When was the last time we had a businessman as president of the United States? George W. was in the oil business and owned a ball club, but was he really a businessman? Harry Truman owned a haberdashery in Missouri, but that’s not quite the scale I’m talking about.
Seems for too long we’ve been led by career politicians, with little or no business experience. Some may ask, “Is that important?” If we look at the current state of our economy, the trillion-dollar yearly deficits of the federal government and the crushing national debt of more than $16 trillion, the answer is a resounding “Yes!”
Let’s get someone in there who knows what he is doing and understands business. Not only does the U.S. economy need to grow, but the federal government also is arguably the world’s biggest business, and for more than a generation, can anyone claim that it has been run efficiently?
There is a good argument that it has been run so poorly, it should be out of business. Since 1960, the federal budget has been balanced for only four years, and that was under President Clinton and a Republican-controlled Congress.
That’s nothing to brag about, but sadly some do. That only further shows the ineptness of those who lead. No other business could survive for decades spending more money than it generates, and many believe our country is at the point of imploding, as we spend $4 billion a day more than we take in. Does any sane person think this is a good thing?
Today, Nov. 6, we are making a choice! Should the choice be to stay the present course, what may we expect? To tell what a man will do in the future, look to his past.
Is there any denying that President Obama is a left-leaning “big government” guy? He believes that government’s role is to micro-manage the country, pick winners and losers, and redistribute the wealth.
Take, for example, health care. Under the existing system, almost 90 percent of Americans had health care, but to cover the remaining 10 percent, our president felt a government takeover was necessary. We now have the first time in history that the U.S. government can force you to buy something.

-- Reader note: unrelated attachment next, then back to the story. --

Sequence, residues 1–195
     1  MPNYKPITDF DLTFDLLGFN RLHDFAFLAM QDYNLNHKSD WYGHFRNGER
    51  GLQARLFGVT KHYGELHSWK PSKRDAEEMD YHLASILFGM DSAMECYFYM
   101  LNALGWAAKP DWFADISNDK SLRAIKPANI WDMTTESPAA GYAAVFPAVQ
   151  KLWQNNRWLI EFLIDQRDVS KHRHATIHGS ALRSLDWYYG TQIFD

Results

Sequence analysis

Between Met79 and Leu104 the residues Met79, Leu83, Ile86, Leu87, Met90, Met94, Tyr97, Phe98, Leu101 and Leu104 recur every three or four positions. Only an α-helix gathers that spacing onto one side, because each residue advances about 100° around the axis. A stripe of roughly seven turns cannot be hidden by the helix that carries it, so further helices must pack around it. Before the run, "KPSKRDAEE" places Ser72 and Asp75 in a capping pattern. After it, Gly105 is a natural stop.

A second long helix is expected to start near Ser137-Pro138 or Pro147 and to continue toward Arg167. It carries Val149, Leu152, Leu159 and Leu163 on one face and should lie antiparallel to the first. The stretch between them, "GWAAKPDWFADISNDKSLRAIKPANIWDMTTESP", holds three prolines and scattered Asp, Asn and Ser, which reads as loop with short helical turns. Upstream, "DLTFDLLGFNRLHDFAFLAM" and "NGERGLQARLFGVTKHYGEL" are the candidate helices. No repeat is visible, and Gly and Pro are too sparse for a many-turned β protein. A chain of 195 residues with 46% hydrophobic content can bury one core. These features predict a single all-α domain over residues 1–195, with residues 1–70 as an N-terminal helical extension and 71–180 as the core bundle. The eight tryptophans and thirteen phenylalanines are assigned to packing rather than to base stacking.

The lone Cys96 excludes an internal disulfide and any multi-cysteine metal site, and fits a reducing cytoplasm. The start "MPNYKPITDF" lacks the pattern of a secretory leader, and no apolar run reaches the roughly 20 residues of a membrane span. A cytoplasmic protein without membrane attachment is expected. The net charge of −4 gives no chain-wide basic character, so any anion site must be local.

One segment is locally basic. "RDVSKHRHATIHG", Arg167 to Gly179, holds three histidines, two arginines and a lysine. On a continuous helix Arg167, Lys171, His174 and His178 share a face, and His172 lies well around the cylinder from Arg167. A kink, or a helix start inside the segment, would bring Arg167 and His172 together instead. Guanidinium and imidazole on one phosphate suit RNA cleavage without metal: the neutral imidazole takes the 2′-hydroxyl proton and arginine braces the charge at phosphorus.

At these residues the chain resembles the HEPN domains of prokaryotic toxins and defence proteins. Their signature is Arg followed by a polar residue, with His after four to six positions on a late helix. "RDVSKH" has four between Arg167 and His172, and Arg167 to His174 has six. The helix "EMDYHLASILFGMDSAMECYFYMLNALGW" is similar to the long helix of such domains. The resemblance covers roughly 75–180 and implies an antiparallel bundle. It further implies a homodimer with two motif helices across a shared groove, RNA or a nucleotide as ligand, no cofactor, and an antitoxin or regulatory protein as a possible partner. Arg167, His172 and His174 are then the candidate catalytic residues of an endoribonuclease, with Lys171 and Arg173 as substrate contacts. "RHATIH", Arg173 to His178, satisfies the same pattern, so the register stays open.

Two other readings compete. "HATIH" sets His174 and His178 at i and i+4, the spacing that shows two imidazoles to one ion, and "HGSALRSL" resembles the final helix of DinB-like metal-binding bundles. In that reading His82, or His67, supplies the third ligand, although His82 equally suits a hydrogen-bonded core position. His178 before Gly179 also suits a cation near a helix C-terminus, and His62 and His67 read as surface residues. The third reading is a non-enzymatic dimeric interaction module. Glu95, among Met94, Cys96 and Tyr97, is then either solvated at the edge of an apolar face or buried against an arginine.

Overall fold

Look to General Motors. It was in trouble, for sure, but a structured bankruptcy or government loan with conditions would have been possible, and a better alternative than government and union ownership.
Consider the growing number of welfare and food stamp recipients and the trillion dollars owed to the government in student loans. Contemplate the halting of the Keystone Pipeline and the moratorium on off-shore drilling.
Our current president pits rich against poor and continues to blame others for our present condition. He will not control our borders and refuses to let the states try. Our credit has been downgraded for the first time in history.
As you can see, this mentality has a huge downside. Like Greece, Spain, France and other “tax-and-spend” countries, we have suffered through four years of 8+ percent unemployment, $4 per gallon gas, millions more on government subsidies and still more families living in poverty. Government dependence has grown. If we stay the course, expect more of the same.
Should we change course with Romney/Ryan, we will avoid the crushing cost and inefficiencies of Obamacare. The growth of government spending will be cut, and we will begin a path to fiscal responsibility.
Our borders will be secured and our laws enforced. Our military will be strengthened, and we will again be respected abroad.
People will be at the helm who understand business and job growth. They know that America must be strong economically, if we are to remain the greatest nation on Earth.
The choice is clear. Do we want a businessman who has generated billions, or a president who has wasted trillions?
To illustrate, let me tell you a story. Many years ago as I began working in the equipment business, I went with my father-in-law to repossess some equipment for a local bank. In six months, the young farmer had made only one payment. The tractor and forage harvester were ready to go and strangely, he kept asking us for prices on a new baler and rake.
As we left I said: “That’s odd. He can’t pay for what he has already bought and yet, he’s looking to buy more.” My father-in-law responded, “He’s trying to buy his way to prosperity, and that never works.” By spring, the young farmer was out of business. It didn’t work then, and it won’t work now.
Chuck Pinkey is the owner of River Valley New Holland Inc. in Otego. He can be reached at firstname.lastname@example.org. The views expressed in this column do not necessarily reflect those of The Daily Star and its editorial board.